The night of, the family upstairs decided to sleep-train their child (the same age as O) with the cry-it-out method. Needless to say, everyone in our building and perhaps beyond was up from 2:15- 4:30, and then again at 6:30-7:30. Obviously, I felt bad for the parents, but was rather miffed about my own lack of sleep. Whatever. I spent the first half of the day thinking about the run to come. An hour before, I ate a half a sandwich, drank some vitamin water and ate a banana. I was ready to go. I stepped outside into the sweltering heat and was like, yeah, this isn’t ideal but I can still do it. When I got to the area filled with runners and family members, I noticed the stares. The looks of pity. I went to an attendant and asked if there was a locker for my stuff. She smiled politely and told me she didn’t understand the question. Well, ok. No problem, I could carry my stuff. Turns out, one of the moms for Mother’s Group was there and told me to drop my stuff with her husband. Task completed. The time was winding down and there had to be maybe a 100 ladies, but I really have no idea. It was packed. And almost everyone was in good shape; only three (including myself) were not wearing the t-shirt. One of them was a lady in a sports bra, mohawked with wireless headphones, so she was legit. And of course as soon as the run started, she took off like a cheetah through a herd of gazelles. header_nuernberg2-Kopie-626x482 I was the only walker. Yes, there were nordic-walkers all around me, and yes they hit me with their sticks. Also they too laughed at me (I’m not even kidding), so I let them pass. I was alone at the end. I held my head up high and tried to jog a bit, but I got too distracted by the jeers and laughter by a group of teen boys. People were watching me, a lot of them looked at me with a look I’ve experienced my entire life: the knowledge that I don’t belong there. Now, this is where you are probably thinking that I’m overly sensitive and maybe prone to social anxiety. Perhaps you are right on both counts. But I’m also extremely honest, and I know when I’m the brunt of a joke, every person who has ever been on the outside does too btw.  I made it a third of the way through before the stares, the laughter, this guy calling me a pig, and the anxiety of putting myself in the spotlight caught up to me.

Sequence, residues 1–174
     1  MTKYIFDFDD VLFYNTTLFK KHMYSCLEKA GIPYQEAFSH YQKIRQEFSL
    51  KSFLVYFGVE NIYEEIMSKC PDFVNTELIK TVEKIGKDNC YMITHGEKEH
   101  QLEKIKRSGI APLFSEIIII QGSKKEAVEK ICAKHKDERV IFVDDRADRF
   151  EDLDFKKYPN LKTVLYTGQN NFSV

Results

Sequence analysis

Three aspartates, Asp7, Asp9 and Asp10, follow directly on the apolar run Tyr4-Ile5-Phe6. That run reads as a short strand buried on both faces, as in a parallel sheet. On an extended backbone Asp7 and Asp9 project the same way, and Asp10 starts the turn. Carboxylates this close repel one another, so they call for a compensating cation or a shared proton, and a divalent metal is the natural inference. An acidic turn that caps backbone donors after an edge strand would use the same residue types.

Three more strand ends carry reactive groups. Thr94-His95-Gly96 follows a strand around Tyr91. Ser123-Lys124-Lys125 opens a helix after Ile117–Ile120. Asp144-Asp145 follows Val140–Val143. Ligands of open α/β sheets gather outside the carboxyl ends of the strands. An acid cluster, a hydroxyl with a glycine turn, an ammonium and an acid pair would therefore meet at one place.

Now, at the beginning of the race, I stashed my phone in my sports bra because, well that’s a safe place for it. I pulled it out much to the surprise of a few elderly onlookers and called my husband.

“I can’t do this. They are all staring at me. I’ve never been so humiliated in my life.”

Tears were threatening to splash the cobblestones underneath my staggeringly fast walking. My mouth was dry from the heat and embarrassment. Don’t let people see you cry, you hold your head up.